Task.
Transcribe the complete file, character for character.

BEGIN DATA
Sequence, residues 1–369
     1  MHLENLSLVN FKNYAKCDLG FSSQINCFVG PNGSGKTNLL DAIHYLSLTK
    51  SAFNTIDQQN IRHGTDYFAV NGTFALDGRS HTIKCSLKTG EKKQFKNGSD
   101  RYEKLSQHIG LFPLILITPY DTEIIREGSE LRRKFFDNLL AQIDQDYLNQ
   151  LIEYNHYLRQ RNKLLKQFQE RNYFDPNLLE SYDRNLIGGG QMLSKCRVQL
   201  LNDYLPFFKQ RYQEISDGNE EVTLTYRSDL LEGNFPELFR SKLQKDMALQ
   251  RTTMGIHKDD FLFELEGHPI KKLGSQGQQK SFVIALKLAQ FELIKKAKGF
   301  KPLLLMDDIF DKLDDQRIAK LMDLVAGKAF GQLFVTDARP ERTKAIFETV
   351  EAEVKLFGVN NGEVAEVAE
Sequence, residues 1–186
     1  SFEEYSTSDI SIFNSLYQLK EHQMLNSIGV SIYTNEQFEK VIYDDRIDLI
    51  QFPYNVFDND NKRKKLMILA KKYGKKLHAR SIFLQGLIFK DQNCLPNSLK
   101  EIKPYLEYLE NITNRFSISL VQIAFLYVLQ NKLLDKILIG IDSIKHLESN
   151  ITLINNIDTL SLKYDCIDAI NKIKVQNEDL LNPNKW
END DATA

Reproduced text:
Sequence, residues 1–369
     1  MHLENLSLVN FKNYAKCDLG FSSQINCFVG PNGSGKTNLL DAIHYLSLTK
    51  SAFNTIDQQN IRHGTDYFAV NGTFALDGRS HTIKCSLKTG EKKQFKNGSD
   101  RYEKLSQHIG LFPLILITPY DTEIIREGSE LRRKFFDNLL AQIDQDYLNQ
   151  LIEYNHYLRQ RNKLLKQFQE RNYFDPNLLE SYDRNLIGGG QMLSKCRVQL
   201  LNDYLPFFKQ RYQEISDGNE EVTLTYRSDL LEGNFPELFR SKLQKDMALQ
   251  RTTMGIHKDD FLFELEGHPI KKLGSQGQQK SFVIALKLAQ FELIKKAKGF
   301  KPLLLMDDIF DKLDDQRIAK LMDLVAGKAF GQLFVTDARP ERTKAIFETV
   351  EAEVKLFGVN NGEVAEVAE
Sequence, residues 1–186
     1  SFEEYSTSDI SIFNSLYQLK EHQMLNSIGV SIYTNEQFEK VIYDDRIDLI
    51  QFPYNVFDND NKRKKLMILA KKYGKKLHAR SIFLQGLIFK DQNCLPNSLK
   101  EIKPYLEYLE NITNRFSISL VQIAFLYVLQ NKLLDKILIG IDSIKHLESN
   151  ITLINNIDTL SLKYDCIDAI NKIKVQNEDL LNPNKW